During the week ending 25th September the protection on Units 3 and 4 tripped. Unit 4 was isolated from the transformer which it shares with Unit 3. Unit 3 was then brought back into service. After meticulous trouble shooting it was found that switch gear and control devices, which were replaced by another OEM during our maintenance shut downs earlier this year, had failed. Repairs to these devices are underway under guidance of the OEM from Europe.
So in summary Kariba has been down to four units for the last 10 days with the station expected to return to full capacity by mid- October.
Hwange Power Station
As I have mentioned in prior statements there is a significant amount of work still required to stabilise this station not the least of which is the Ash Disposal section of the process. As money becomes available we go to tender against a prioritised schedule of replacement components – some of which have lead times of up to one year!
We have lost the four Phase One (smaller) units over the last week to 10 days. Unit 1 due to the failure of the “Boiler Feed Pump” which is new and under warranty, Unit 2 due to a the failure of its thrust bearing, Unit 3 due to wear on its induction fans caused by the under-performing de-ashing system and Unit 4 due to the failure of its “Boiler Feed Pump”.
To exacerbate the situation the entire station was taken out by a surge out of Eskom (S.A) on Tuesday 27th September.
At time of writing this statement we now have two Phase Two (larger) units and one Phase One(smaller) unit feeding the grid. We expect to bring another unit back overnight (Sunday) and the fifth by Wednesday this week.
Small Thermal Stations
These stations are situated in Bulawayo, Harare and Munyati. Our major constraint in maintaining modest outputs from these stations continues to be the availability of coal from our three suppliers. All three suppliers assure us that their production will improve over the next two months. Should this not be the case we will have to consolidate and probably run only two of the three stations.
In the middle of this week NRZ went on strike. I must commend our management team and coal suppliers for their rapid response to this event. They mobilised over 40 trucks to haul the coal that was to move by rail.
The next 12 months
Major retrofitting and component replacement projects will continue over the next 12 months. WAPCOS (the Indian company that provides expert advice at Hwange) have provided an experienced project manager to help oversee these projects at Hwange. To execute these projects there will be extended planned outages of units on a sequential basis during the year ahead. For example the precipitators (ash handling) on Phase Two will be retrofitted over the next seven months therefore from the middle of October until May 2012 and one of the Phase two Units will be offline.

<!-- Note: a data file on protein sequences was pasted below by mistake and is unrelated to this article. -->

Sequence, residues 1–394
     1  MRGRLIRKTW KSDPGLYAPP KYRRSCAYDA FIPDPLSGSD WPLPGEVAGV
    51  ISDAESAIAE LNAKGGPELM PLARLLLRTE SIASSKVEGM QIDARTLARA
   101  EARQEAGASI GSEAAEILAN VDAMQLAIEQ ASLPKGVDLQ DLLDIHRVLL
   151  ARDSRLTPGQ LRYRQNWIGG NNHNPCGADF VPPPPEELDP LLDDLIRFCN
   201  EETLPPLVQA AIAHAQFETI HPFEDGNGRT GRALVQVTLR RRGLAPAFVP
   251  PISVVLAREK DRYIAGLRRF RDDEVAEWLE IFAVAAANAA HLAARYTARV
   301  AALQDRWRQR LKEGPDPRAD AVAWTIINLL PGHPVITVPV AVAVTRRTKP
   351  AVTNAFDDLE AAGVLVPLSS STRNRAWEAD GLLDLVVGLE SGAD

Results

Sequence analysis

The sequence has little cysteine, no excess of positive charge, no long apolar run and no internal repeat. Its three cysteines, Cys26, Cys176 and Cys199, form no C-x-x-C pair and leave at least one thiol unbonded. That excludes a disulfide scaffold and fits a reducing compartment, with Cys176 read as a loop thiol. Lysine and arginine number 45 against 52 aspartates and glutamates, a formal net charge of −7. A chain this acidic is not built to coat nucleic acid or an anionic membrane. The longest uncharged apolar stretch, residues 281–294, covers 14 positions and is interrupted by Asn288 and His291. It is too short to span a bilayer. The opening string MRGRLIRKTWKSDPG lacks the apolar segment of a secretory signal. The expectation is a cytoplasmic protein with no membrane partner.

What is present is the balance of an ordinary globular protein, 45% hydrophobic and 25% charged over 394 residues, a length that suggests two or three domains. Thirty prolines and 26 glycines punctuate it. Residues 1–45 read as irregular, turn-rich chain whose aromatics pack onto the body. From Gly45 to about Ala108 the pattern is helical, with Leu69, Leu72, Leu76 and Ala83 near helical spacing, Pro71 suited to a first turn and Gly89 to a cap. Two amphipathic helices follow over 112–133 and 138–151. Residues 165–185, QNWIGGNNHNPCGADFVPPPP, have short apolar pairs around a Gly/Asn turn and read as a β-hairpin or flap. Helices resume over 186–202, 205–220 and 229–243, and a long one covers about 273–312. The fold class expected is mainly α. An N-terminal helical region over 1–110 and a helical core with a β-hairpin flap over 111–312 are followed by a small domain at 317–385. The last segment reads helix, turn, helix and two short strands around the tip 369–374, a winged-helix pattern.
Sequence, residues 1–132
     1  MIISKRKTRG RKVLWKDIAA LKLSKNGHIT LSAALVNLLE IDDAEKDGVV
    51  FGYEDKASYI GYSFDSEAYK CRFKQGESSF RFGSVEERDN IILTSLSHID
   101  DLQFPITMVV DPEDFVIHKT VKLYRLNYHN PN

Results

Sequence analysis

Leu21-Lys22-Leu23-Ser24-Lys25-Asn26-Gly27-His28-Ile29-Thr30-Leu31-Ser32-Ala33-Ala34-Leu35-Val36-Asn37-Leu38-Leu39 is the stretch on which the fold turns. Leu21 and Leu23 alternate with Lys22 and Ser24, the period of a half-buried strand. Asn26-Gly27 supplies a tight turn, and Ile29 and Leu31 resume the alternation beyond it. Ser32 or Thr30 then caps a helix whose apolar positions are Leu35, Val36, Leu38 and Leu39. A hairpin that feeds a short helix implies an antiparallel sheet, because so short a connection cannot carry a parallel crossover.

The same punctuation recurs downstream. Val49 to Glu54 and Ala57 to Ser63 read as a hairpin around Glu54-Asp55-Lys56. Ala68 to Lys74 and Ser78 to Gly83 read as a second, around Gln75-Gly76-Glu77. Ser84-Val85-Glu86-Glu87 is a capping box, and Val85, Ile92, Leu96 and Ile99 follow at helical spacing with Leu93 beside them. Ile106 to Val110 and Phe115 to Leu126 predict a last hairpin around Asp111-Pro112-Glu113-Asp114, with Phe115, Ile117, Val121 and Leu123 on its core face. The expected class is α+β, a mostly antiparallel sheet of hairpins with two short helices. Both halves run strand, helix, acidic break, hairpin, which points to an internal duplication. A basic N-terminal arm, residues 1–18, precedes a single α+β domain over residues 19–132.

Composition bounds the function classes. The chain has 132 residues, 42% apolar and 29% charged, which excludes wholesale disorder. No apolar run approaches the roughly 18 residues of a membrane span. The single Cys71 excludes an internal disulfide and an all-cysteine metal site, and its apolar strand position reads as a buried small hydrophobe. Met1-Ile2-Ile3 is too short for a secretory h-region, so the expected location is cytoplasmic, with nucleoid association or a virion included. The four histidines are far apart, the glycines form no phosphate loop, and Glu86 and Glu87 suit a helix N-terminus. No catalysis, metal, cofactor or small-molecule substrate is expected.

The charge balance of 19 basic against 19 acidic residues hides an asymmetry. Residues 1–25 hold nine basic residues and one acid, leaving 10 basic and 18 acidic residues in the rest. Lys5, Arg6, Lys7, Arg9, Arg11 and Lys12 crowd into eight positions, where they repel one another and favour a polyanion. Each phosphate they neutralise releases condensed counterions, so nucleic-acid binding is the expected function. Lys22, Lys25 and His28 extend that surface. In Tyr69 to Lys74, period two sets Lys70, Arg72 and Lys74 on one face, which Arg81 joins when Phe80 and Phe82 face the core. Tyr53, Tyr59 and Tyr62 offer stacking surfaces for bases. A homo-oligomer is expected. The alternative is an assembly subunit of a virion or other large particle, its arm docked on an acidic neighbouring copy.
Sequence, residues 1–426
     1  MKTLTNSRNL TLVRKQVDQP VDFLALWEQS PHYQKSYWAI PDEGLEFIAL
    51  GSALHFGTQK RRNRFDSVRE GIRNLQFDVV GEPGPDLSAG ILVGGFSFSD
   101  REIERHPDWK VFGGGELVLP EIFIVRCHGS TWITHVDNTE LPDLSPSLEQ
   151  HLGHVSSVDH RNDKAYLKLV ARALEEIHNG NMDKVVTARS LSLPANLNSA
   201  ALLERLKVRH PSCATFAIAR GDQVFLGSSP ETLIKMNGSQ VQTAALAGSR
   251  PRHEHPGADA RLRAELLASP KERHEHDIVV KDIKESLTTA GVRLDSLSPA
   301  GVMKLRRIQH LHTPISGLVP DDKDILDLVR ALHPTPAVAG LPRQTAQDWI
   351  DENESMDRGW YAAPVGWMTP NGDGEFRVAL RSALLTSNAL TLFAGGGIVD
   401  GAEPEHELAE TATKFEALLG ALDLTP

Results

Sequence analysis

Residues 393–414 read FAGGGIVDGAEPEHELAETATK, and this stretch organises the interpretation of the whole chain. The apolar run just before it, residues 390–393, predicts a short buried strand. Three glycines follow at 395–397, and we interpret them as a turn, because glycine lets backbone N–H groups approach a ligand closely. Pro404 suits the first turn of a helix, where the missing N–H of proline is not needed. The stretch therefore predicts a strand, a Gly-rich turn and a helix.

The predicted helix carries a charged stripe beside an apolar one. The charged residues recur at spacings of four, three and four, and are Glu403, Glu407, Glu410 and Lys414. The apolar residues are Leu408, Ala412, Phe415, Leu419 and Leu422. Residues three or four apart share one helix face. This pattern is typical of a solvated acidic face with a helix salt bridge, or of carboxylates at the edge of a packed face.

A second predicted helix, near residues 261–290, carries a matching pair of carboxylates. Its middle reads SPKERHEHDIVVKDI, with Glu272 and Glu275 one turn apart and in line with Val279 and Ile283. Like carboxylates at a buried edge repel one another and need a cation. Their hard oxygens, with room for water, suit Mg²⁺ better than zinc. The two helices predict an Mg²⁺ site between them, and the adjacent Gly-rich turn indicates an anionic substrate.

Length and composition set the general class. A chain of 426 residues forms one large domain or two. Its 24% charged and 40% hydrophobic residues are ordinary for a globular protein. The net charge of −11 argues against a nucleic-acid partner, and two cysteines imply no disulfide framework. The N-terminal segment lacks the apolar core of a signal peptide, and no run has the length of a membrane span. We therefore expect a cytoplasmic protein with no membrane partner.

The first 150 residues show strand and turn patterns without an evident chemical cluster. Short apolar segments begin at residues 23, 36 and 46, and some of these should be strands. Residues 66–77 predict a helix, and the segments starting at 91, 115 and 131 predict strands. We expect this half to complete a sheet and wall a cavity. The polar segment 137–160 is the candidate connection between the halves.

At Kariba the system that governs the turbine blades, in sympathy to the power demand, will be replaced on each unit (six weeks per unit) on a sequential schedule. This means that from mid-December until September 2012 only five of the six units will be online.
In addition, over the next 12 months, other units will need to be taken off line for shorter periods to undertake unit specific upgrades or repairs. There will also be the exogenous breakdowns.
So in summary the power supply regime will for the next 12 months will be much the same as it has been for the last 12 months – all in a bid to stabilise and optimise supplies in the medium term.
The refurbishment of the 40km pipeline from the Zambezi to the Hwange station remains a priority and is a one year project. The feasibility study was completed over two months ago and we await the outcome of possible of government-to-government funding with the government of India.
I wish to thank all stakeholders for their understanding on the need for a revised tariff after two and a half years of stagnation. The power woes of today are largely attributable to many years of suppressed earnings by this power utility. To have continued this trend would surely have led us into total darkness.
Sadly this increase in tariff as of 1st October will not translate into immediate improvements in the availability of power. Lead times for retrofitting projects can be many months.
Of equal importance is the positive message that this sends to investors: “Zimbabweans are prepared to pay for their power.” I urge all of you to take personal responsibility for your power usage. There seems to be a misapprehension that load shedding automatically results in a dramatic reduction in your power usage and hence cost. This will not be the case if you do not manage your consumption. While you sleep the power comes back on and heats geysers, runs fridges and pumps etc.
The board of ZPC remains committed to its responsibilities for the company whose performance is critical to the economy of this country. We see our role as more than one of oversight and governance. We therefore spend time in mentorship roles as well as bringing our diverse skill-sets and experience to bear at an operational level when the situation demands. Arriving at solutions to the complex challenges that have been imposed on the company over the years (lack of investment in new capacity, foregone maintenance of existing infrastructure etc.) requires a team effort.